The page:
What Is HIMARS? An Army Artillery Officer Breaks Down the US Rocket Systems Headed to Ukraine

June 1, 2022Hannah Ray Lambert
rocket ukraine

Soldiers assigned to the 65th Field Artillery Brigade fire a High Mobility Artillery Rocket System (HIMARS) during a joint live-fire exercise with the Kuwait Land Forces, Jan. 8, 2019, near Camp Buehring, Kuwait. The US will send an undisclosed number of HIMARS to Ukraine as the Russian invasion enters its fourth month. US Army photo by Sgt. Bill Boecker.

The Department of Defense confirmed Wednesday, June 1, that the US would send advanced High Mobility Artillery Rocket Systems, known as HIMARS, to Ukraine as part of its latest security package. The systems, which can fire multiple long-range artillery rockets in a matter of seconds, should allow Ukrainian forces to better strike key targets on the battlefield, a senior Army officer with more than 20 years of experience commanding field artillery units told Coffee or Die Magazine.

“It’s not going to change the whole course of the war, but it will create some significant new challenges for the Russian attack,” the officer said.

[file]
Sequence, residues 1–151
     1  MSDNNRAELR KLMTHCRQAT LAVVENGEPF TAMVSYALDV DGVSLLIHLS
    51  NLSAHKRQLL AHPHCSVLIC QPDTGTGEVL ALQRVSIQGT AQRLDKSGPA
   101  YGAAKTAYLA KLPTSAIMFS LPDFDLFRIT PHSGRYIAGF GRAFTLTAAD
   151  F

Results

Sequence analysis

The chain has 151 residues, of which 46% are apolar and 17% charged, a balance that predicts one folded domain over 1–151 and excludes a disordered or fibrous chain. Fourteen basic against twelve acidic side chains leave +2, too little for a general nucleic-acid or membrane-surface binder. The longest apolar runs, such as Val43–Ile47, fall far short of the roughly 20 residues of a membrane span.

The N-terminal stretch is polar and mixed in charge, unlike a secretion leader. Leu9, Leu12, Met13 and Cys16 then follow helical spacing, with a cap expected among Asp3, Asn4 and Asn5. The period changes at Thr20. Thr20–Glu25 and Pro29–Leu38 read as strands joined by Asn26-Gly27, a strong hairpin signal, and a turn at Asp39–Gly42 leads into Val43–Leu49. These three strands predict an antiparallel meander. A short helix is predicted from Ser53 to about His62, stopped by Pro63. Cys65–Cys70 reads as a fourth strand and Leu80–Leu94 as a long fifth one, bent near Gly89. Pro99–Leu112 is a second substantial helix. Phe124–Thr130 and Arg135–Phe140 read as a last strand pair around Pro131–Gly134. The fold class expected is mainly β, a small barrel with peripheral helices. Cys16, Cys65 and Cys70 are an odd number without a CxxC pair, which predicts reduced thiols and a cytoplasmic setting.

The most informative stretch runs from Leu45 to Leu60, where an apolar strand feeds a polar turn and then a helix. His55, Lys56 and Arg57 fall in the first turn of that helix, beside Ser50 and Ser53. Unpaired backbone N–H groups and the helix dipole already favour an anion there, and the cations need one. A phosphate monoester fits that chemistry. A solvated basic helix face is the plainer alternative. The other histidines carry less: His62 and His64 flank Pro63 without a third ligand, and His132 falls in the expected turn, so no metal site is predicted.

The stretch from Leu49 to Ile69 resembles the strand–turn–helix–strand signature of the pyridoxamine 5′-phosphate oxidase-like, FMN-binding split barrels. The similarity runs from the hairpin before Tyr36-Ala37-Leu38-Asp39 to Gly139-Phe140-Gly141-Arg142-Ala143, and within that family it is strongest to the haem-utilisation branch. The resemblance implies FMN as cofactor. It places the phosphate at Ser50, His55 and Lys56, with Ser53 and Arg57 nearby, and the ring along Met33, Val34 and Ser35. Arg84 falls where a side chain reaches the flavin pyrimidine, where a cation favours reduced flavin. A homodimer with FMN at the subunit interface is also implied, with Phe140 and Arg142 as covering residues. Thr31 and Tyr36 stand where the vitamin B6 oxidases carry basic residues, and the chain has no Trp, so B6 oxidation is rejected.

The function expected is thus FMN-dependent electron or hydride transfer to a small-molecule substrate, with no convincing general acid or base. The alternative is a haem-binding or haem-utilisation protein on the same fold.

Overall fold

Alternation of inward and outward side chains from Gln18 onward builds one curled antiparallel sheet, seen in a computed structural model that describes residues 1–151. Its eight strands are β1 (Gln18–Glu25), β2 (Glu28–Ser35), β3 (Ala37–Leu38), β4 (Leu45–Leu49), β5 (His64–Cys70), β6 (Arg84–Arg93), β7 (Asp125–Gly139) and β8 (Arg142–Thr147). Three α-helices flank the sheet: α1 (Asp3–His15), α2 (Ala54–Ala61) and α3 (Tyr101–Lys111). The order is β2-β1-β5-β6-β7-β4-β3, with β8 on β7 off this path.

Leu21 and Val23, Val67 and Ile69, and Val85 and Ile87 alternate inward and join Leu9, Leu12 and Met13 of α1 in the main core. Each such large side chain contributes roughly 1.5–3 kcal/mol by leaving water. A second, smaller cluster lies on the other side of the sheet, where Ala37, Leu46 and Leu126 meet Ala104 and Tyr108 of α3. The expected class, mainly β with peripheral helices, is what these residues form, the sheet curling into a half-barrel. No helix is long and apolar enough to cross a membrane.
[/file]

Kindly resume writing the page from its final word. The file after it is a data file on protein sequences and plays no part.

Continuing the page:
President Joe Biden hinted at the announcement Tuesday in an op-ed in The New York Times, writing that America’s goal is “a democratic, independent, sovereign and prosperous Ukraine with the means to deter and defend itself against further aggression.”

The US government’s latest pledge of $700 million worth of military aid, announced Wednesday, includes the rocket systems, according to the Department of Defense. The DOD did not specify how many of the systems would be sent to Ukraine, though Defense News reported it would be just four systems. The Pentagon also did not say what kind of missiles would accompany them.